CAVANAUGH: What is it like drawing, creating that, with people watching you do it?
CROSTHWAITE: Well, that’s very interesting. You know, I – you know, usually my work is, you know, as a paint – as a draftsman creating works of art is usually very isolating. You know, I’m in my studio, I’m alone for months, just basically creating a piece. And the whole notion of drawing in public was very appealing to me. I thought, you know, this is – usually I never get the chance to talk to the viewer or to the people. Usually, the piece goes out and it tells the story. Here, it’s basically this interaction where the three of us are having a conversation now. It’s me, the piece and the viewer. And they have questions, they have comments, and I’m there to answer. And it’s so – And I think it’s a wonderful dynamic, you know, it also gives it to me this whole notion of almost like a performance piece when I’m there every day, I’m working, I’m creating, improvising this piece but then also I’m on display, basically.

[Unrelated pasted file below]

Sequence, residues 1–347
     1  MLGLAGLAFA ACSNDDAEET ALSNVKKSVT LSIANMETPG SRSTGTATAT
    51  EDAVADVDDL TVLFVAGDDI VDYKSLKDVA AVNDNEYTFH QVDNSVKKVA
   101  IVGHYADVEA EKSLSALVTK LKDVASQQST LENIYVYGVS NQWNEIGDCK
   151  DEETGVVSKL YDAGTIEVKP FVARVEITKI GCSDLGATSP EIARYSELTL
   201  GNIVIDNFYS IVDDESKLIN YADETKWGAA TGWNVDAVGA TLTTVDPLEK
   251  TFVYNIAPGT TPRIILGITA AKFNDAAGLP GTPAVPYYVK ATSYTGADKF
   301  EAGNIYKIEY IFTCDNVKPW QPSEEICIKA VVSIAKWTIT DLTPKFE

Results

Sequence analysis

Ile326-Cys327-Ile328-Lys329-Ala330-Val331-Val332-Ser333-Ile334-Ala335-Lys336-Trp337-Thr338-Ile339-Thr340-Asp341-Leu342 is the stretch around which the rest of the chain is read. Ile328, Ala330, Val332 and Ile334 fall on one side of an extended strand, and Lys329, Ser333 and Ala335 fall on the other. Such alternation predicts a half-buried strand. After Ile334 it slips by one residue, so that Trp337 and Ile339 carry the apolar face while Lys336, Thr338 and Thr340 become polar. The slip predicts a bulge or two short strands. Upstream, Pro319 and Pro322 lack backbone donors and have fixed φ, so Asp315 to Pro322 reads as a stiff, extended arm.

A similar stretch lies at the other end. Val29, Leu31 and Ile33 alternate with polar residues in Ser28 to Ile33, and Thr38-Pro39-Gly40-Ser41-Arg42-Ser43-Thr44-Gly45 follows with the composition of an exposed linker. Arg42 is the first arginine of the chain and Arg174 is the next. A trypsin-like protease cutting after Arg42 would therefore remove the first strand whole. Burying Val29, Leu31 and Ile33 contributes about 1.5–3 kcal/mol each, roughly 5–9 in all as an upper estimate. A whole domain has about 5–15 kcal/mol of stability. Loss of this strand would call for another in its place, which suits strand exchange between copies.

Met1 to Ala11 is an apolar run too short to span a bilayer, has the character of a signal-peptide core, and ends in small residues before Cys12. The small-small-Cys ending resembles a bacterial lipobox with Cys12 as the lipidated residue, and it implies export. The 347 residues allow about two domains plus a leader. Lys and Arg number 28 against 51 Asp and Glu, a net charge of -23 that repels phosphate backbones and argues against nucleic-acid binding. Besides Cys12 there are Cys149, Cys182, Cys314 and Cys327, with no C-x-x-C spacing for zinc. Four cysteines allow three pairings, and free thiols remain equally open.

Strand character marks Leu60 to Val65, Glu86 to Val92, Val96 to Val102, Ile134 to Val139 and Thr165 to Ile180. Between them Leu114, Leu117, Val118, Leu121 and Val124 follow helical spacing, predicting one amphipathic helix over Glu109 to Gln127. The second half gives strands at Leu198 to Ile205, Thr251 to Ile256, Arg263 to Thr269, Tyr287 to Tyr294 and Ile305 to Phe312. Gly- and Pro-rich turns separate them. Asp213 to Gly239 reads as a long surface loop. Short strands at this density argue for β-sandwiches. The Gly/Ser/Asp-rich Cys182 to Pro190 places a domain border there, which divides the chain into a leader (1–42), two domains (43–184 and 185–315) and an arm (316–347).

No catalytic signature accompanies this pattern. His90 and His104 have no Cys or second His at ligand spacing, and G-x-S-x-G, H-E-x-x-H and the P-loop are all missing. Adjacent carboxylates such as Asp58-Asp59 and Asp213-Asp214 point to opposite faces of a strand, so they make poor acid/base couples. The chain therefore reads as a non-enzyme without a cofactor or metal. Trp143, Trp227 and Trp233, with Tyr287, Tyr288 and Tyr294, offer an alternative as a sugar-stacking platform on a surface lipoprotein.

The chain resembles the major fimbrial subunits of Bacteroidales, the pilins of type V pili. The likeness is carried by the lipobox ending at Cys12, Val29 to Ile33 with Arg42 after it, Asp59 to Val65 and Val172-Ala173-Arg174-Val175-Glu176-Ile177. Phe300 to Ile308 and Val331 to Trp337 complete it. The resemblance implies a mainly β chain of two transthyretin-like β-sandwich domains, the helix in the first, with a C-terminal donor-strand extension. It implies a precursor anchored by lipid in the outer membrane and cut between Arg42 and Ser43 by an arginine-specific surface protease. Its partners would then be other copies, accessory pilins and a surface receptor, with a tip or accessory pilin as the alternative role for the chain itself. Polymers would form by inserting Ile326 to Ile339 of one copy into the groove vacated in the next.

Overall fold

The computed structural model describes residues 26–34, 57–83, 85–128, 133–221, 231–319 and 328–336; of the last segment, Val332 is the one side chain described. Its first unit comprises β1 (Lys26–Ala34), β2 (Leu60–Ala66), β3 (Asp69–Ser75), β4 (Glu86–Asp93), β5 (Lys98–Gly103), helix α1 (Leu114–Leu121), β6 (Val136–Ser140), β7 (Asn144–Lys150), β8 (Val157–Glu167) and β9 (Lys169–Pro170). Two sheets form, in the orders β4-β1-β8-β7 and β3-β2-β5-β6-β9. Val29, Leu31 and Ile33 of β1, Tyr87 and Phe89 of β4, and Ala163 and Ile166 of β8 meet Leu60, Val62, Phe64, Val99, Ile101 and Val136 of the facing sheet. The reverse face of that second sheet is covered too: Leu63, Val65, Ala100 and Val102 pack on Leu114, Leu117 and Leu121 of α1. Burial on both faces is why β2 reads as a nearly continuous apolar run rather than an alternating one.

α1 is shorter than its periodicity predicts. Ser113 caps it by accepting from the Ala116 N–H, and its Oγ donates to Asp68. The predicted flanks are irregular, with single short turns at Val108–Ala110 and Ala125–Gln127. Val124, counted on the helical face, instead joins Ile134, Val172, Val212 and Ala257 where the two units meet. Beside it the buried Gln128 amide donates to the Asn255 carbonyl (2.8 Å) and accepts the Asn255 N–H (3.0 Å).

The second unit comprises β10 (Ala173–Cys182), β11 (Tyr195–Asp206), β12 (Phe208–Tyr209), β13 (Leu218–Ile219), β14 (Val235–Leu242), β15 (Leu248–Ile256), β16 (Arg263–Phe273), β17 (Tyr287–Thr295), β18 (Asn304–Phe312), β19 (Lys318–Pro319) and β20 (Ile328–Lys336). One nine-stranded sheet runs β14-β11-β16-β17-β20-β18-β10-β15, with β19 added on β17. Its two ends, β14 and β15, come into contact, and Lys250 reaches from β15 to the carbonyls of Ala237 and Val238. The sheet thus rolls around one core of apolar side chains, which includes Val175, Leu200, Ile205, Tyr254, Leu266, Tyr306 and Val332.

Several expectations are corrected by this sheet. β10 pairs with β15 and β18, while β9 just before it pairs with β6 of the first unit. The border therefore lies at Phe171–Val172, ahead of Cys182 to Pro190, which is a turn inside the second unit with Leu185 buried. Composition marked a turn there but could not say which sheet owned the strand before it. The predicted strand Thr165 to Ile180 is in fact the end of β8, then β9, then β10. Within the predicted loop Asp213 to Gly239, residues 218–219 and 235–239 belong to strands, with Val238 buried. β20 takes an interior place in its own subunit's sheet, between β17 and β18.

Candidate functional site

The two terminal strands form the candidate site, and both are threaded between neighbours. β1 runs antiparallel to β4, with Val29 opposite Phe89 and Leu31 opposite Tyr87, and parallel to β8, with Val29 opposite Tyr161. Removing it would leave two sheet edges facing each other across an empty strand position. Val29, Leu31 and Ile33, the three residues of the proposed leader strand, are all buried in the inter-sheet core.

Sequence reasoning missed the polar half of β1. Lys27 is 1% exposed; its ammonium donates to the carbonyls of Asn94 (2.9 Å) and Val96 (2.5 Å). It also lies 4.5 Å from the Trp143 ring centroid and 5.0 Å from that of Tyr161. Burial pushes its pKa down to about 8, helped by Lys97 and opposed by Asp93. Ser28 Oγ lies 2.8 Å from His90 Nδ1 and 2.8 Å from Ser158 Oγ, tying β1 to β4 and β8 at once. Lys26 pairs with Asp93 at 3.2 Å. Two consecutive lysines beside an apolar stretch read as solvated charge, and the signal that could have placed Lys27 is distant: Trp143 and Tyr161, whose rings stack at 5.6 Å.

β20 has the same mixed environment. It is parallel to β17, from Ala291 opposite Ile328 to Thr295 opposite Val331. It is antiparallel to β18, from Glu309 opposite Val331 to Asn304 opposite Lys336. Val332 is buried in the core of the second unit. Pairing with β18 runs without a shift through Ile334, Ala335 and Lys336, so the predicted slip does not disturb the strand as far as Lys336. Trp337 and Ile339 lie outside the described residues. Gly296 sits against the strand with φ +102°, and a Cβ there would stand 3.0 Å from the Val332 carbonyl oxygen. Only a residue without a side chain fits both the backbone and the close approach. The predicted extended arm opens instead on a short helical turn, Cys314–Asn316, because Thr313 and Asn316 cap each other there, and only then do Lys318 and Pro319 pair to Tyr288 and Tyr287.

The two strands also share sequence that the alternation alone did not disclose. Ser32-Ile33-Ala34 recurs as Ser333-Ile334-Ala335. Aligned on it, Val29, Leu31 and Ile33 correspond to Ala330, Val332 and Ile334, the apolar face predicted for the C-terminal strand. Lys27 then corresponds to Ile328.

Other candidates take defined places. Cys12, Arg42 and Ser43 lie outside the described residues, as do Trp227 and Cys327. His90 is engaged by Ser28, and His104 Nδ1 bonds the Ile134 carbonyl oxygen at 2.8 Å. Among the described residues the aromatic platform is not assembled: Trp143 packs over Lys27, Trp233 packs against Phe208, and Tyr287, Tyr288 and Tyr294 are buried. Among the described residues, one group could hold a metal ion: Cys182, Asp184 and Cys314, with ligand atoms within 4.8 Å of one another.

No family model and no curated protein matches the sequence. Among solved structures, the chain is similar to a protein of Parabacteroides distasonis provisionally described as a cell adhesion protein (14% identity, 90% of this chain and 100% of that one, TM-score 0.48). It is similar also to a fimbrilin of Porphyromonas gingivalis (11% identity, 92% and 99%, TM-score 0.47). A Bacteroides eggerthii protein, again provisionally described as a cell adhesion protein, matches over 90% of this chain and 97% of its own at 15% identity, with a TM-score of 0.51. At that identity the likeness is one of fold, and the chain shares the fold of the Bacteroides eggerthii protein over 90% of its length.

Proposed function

CAVANAUGH: Yeah, you’re part of it.
CROSTHWAITE: Yeah, I’m part of it and creating this drawing and then also, you know, this – I really like this whole notion of demystifying the creative process. Usually, you know, one sees a work of art and they have questions or they would love to see how it’s done and I’m basically there at the museum doing it, you know, drawing it and you can see the materials that I’m using and see that it is not that complicated, really, to make a drawing.